Nearly two decades ago, Newell et al. (1992) used the term ‘tropospheric river’ to describe the filamentary corridors of moisture transport responsible for the majority of midlatitude atmospheric moisture flux. Since then, research has revealed much about the mesoscale structure of these features, now commonly referred to as atmospheric rivers (ARs), as well as their weather and climate impacts. As detailed by Ralph et al. (2004), most of the moisture flux associated with ARs takes place in the lower troposphere, along and ahead of cold fronts associated with extratropical cyclones. As such, the movement of extratropical cyclones and their attendant cold fronts largely dictates the behavior of ARs (Bao et al., 2006). Further, dramatic precipitation events and life-threatening flooding often occur when these ARs impinge on the high topography of western North America (Ralph et al., 2006; Neiman et al., 2008a).
Recently, Dettinger et al. (2011) used daily precipitation observations from National Weather Service Cooperative Observer Program (COOP) sites across the western United States, which are located primarily in lower elevation valley and basin locations, to assess the percentage of cool season (November to April) precipitation associated with landfalling ARs during water years 1998–2008. Following the methodology of Neiman et a. (2008b), they employed Special Sensor Microwave Imager retrievals of integrated water vapor (IWV) from two polar orbiting satellites, each passing over the region twice per day, but somewhat irregularly in space and time, to identify days during which ARs crossed the west coast of North America between 32.5°N and 52.5°N. They then calculated the amount of cool season precipitation produced on the day of and day following all AR landfalls, hereafter referred to as the AR fraction.
Their results indicate that ARs contribute a significant fraction of total cool season precipitation at many COOP sites across the western United States (Figure 1). This is especially true near the coast, particularly in north/central California, where the AR fraction approaches 0.50. Inland from the coast, a less uniform pattern is observed—relatively high AR fractions are noted across the interior northwest, while the AR fractions across the interior southwest are very small, if not negligible. However, the southern limit of their analysis does not allow for identification of ARs crossing the west coast of the Baja Peninsula that penetrates into the southwestern United States.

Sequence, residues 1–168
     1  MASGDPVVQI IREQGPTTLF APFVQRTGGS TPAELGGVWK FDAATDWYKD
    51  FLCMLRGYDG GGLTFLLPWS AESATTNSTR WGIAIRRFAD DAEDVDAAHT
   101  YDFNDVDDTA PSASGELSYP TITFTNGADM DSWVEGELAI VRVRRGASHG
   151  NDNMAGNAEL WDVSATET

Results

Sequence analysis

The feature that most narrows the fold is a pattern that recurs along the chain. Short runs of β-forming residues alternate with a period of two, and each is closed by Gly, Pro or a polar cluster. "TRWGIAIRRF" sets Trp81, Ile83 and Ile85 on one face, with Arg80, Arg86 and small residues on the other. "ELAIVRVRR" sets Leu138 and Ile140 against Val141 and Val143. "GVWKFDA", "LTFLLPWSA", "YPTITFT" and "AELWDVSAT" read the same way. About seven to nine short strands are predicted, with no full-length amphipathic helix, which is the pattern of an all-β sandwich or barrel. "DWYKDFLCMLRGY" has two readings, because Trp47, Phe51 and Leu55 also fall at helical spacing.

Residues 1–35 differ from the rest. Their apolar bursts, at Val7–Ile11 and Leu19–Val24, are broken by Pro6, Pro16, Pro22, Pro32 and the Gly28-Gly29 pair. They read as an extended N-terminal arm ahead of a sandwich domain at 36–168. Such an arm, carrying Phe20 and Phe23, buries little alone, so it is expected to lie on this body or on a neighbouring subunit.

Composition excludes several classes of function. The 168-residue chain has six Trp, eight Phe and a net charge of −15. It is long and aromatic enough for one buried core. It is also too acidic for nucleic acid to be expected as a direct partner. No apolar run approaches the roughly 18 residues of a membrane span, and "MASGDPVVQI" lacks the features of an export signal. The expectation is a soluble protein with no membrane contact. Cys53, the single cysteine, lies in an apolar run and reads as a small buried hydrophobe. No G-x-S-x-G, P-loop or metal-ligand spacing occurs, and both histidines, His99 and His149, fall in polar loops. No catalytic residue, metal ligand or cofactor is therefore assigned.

Therefore, the objectives of this study are twofold. First, to determine if the AR fraction at higher elevations is comparable to those found at primarily lower elevation COOP sites by Dettinger et al. (2011). Second, to examine if the inclusion of ARs crossing the west coast of the Baja Peninsula increases the AR fraction over the southwestern United States, as synoptic experience suggests.
2. Data and methods
In order to assess the occurrence of ARs at uniform time intervals, we use six-hourly observations of IWV at 1.5° resolution from the ERA-Interim reanalysis (Dee et al., 2011). Ralph et al. (2004) show that IWV, which is not dependent on an observed wind profile, is a good proxy for integrated atmospheric water vapor transport. Following the criteria developed and described by Ralph et al. (2004), and used in the creation of an AR event catalog by Neiman et al. (2008b), an AR is identified as a contiguous region ≥ 2000 km in length and ⩽1000 km in width containing IWV values ≥ 20 mm. This is done objectively by first locating gridded data points of IWV ≥ 20 mm, and then determining the spatial extent of such contiguous regions following an iterative approach: for each point identified, all neighboring points are then checked and added to the contiguous region if the IWV ≥ 20 mm. Distances between points within this region are then calculated to determine if the dimensional criteria are met. When an AR is identified along the west coast of North America between 24°N and 52.5°N (compared with 32.5°N and 52.5°N as in Dettinger et al., 2011) at all four daily analysis times (00, 06, 12 and 18 UTC), that day is counted as an AR day. The extension to 24°N enables us to include ARs that cross the west coast of the Baja Peninsula and may contribute to precipitation over the southwestern United States.
To examine whether the findings of Dettinger et al. (2011) extend to higher elevations, we use the ARs identified in the ERA-Interim reanalysis to determine the AR fraction at snowpack telemetry (SNOTEL) stations, which, using a large storage precipitation gauge, provide automated daily precipitation observations primarily at upper elevations (Hart et al., 2005; USDA-NRCS, 2009; USDA-NRCS, 2010; Rasmussen et al., 2011). We also examine the AR fraction in the NOAA/CPC Unified Daily Precipitation Analysis (hereafter the CPC Analysis), which provides spatially continuous 24-h precipitation analyses at 0.25° grid spacing (Higgins et al., 2000).